A lesson of respect for veterans
LINDA KOEHLER/TIMES NEWS Pleasant Valley High School students, Ricki Vence and Amber Ziegenfus sang "American Tears" at the PVHS Veterans Day ceremony.
Mark Tramontina's father and son both served in the U.S. Marines. Because of their service, he developed a love, respect and compassion for veterans. As a social studies teacher at Pleasant Valley High School, 13 years ago he began coordinating a Veterans Day event at PV.
It began in his classroom. He brought in some military artifacts he had been collecting over the years and some special guest veterans to speak to his students. The displays began to overflow into the hallway until 10 years ago, the event was moved into the big gym.
Now it is an all-day event where several displays are set up with all branches of the military represented and special guests and veterans speak to the students.
This year's event began with the Pledge of Allegiance led by student speaker Rebecca Keck followed by the national anthem by the PVHS band under the direction of James Devivo.
Audiences were treated to the musical selections of "American Tears" sung by Amber Ziegenfus and Ricki Vence and "America the Beautiful" by Tarik Williams, Olivia DiBella and Kiasia.
Some of the special guest speakers this year were: Joel Keller, Director of the Monroe County Veterans Affairs; Suzanne McCool, Monroe County Commissioner; PV teacher Brent Lewis, veteran of the U.S. Navy; WW II veteran Charles Hildabrandt; veteran and Commander of the American Legion Post 927 Lester Snyder; John Howard, veteran and Commander of the Korean War Veterans Association.
Recruiters introduced themselves and spoke on what it means to be in their specific branch of the service like: EM2 Heather Surfiss, U.S. Navy; Kevin Overcash, U.S. Air Force; Sgt. Serano and Sgt. Oquendo of the U.S. Army and Reserves; SSgt. Shuman of the US Marine Corps; and NROTC instructor and veteran James Nuyen of the U.S. Navy.
Four of the Army personnel that were present were PV graduates.
Tramontina's 20th Century History students, some sophomores, seniors and math classes do all the posters and research for the event.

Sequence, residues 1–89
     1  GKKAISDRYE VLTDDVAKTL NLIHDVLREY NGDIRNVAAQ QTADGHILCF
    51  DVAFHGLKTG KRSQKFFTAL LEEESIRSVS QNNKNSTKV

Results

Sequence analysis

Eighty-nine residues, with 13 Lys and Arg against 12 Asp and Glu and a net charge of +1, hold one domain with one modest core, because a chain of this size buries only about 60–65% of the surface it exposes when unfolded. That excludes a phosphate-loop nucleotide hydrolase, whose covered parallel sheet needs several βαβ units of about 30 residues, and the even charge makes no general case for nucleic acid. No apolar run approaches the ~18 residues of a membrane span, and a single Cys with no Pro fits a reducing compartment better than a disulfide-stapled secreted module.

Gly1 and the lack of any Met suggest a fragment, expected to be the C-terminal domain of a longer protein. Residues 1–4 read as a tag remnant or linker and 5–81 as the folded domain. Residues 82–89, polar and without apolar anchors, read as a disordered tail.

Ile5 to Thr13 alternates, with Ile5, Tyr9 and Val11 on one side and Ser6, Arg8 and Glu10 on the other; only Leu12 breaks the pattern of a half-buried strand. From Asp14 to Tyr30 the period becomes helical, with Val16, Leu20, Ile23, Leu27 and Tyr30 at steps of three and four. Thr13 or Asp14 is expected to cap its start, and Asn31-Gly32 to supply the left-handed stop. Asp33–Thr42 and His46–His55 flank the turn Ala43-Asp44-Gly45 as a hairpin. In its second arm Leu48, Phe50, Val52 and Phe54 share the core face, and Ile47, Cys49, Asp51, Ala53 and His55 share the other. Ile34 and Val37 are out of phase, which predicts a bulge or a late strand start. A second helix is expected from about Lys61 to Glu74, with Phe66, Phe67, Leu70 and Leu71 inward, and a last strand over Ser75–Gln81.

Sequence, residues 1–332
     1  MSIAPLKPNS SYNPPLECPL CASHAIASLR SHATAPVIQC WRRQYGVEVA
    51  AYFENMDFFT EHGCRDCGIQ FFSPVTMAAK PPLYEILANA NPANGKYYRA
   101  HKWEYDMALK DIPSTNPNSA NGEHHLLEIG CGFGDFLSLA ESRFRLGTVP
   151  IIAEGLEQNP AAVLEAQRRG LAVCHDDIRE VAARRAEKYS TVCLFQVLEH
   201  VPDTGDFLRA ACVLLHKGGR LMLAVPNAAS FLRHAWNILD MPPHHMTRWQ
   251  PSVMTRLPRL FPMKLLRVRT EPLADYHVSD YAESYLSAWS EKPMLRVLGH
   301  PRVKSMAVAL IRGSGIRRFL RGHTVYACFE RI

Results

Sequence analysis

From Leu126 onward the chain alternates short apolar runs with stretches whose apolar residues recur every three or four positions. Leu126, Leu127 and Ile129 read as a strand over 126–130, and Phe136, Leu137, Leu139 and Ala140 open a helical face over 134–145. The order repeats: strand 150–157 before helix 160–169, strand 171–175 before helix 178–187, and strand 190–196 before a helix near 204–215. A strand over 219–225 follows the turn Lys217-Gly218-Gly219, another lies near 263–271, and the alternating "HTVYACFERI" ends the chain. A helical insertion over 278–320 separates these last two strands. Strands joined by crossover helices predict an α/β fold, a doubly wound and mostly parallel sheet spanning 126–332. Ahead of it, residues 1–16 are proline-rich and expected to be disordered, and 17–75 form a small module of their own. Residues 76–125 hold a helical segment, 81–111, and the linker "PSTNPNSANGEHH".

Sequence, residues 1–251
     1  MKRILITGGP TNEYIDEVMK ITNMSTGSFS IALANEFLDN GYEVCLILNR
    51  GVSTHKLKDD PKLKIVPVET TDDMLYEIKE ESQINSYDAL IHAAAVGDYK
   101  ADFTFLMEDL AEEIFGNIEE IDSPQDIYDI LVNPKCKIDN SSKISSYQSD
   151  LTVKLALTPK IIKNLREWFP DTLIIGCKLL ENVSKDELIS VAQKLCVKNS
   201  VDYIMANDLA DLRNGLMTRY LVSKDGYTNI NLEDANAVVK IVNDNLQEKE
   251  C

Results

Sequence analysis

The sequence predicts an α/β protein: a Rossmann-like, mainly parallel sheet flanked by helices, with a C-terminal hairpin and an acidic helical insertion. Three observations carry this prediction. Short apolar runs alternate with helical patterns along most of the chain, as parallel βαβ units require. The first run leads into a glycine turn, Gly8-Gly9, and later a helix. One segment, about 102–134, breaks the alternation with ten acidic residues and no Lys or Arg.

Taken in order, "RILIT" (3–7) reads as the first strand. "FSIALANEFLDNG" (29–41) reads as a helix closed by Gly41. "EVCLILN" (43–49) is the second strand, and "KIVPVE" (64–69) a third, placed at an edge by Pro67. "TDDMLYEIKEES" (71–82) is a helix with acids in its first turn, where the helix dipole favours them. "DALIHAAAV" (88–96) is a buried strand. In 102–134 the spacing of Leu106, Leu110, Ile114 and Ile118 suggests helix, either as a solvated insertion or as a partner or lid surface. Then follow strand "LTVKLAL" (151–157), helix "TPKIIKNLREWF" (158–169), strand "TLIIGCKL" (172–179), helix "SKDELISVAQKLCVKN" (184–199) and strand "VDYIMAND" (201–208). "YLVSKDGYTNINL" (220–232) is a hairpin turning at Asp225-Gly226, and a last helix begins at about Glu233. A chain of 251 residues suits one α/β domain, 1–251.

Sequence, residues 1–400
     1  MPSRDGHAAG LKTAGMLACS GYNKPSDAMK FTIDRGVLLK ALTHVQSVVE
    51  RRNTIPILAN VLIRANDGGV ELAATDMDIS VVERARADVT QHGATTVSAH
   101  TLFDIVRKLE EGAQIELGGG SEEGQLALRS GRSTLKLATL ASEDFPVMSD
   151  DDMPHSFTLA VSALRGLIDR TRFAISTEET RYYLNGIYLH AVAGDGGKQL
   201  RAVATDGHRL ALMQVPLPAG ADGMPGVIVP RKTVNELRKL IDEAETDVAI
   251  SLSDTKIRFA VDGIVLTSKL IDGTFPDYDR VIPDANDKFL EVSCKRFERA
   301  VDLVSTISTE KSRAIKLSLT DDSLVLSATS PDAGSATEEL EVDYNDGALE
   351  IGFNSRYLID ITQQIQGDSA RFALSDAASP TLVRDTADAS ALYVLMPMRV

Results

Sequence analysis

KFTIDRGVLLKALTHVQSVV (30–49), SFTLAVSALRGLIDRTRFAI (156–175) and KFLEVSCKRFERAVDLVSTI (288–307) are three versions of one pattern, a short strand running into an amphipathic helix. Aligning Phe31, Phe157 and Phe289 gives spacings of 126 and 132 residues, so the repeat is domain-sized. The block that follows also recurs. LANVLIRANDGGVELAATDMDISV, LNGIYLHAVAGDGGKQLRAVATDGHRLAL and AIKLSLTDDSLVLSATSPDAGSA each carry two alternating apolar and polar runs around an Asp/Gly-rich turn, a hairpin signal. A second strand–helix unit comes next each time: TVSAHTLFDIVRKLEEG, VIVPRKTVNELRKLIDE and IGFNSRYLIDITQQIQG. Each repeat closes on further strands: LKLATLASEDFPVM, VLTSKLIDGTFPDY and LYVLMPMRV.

Students were allowed to visit the gym during free periods and many classroom teachers brought their classes to the gym to understand the importance of recognizing veterans and the service they gave for their country.
Tramontina received a donation for his collection of the World War II remains of a halftrack from North Africa and a pair of boots from WW II that were made by the New Jersey Rubber Co. Some of Tramontina's personal artifacts that were on display included a WW I helmet and ammo belt and his dad's duffel bag from Korea.
In the closing ceremony, student speaker Robin Relosa, a PV senior asked for a moment of silence for those currently serving and for those who had served then gave the background of the first Armistice Day that was eventually renamed Veterans Day.
Don Wild Eagle Wuebber, an Apache and security guard at PVSD, spoke about how Native Americans have been serving in the United States armed forces since the Revolutionary War.
Monica Tramontina read a letter from Vietnam, "For all the Moms that lost sons."
Rebecca Keck read the story of "Taps."
Then in a stirring ceremony, representatives of the different armed forces lowered an American flag that was used at WW II veteran Ellis Haines' funeral, (Tramontina's former father-in-law) and folded it while Olivia DiBella, a PV senior, played "Taps" on a bugle. The flag detail was led by MSgt. (ret. Air Force) Anthony Palermo and security guard of PVSD, the highest ranking in the Honor Guard, accompanied by David Keller of Army National Guard, Kevin Overcash of the Air Force, Chris Darcy of the Army, Amanda Pensyl, Army and Larisa Lopez, Army.
The flag was dedicated to the soldiers killed in the Fort Hood tragedy and was accepted by Rebecca Keck, an honorary recipient representing the families of the fallen soldiers.
Tramontina says he coordinates this event each year "to honor the Veterans. My father and my son were both Marines. It's my way of saying 'thank you' to the Veterans. It is been about teaching our students to honor and respect our Veterans."